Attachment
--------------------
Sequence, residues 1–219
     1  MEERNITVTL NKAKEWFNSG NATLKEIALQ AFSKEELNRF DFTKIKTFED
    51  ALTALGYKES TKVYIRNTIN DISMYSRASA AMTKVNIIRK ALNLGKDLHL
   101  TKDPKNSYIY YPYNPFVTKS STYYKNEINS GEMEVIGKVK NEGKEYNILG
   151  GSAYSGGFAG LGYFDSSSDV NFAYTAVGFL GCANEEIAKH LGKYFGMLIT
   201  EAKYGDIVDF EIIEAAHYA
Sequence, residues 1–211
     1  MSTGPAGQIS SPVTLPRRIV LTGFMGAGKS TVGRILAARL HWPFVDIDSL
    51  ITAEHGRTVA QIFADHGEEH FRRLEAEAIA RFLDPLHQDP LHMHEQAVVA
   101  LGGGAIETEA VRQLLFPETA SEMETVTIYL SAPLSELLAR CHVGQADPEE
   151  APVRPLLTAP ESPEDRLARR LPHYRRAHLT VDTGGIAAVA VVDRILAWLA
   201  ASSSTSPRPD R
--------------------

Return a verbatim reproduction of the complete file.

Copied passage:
Sequence, residues 1–219
     1  MEERNITVTL NKAKEWFNSG NATLKEIALQ AFSKEELNRF DFTKIKTFED
    51  ALTALGYKES TKVYIRNTIN DISMYSRASA AMTKVNIIRK ALNLGKDLHL
   101  TKDPKNSYIY YPYNPFVTKS STYYKNEINS GEMEVIGKVK NEGKEYNILG
   151  GSAYSGGFAG LGYFDSSSDV NFAYTAVGFL GCANEEIAKH LGKYFGMLIT
   201  EAKYGDIVDF EIIEAAHYA
Sequence, residues 1–211
     1  MSTGPAGQIS SPVTLPRRIV LTGFMGAGKS TVGRILAARL HWPFVDIDSL
    51  ITAEHGRTVA QIFADHGEEH FRRLEAEAIA RFLDPLHQDP LHMHEQAVVA
   101  LGGGAIETEA VRQLLFPETA SEMETVTIYL SAPLSELLAR CHVGQADPEE
   151  APVRPLLTAP ESPEDRLARR LPHYRRAHLT VDTGGIAAVA VVDRILAWLA
   201  ASSSTSPRPD R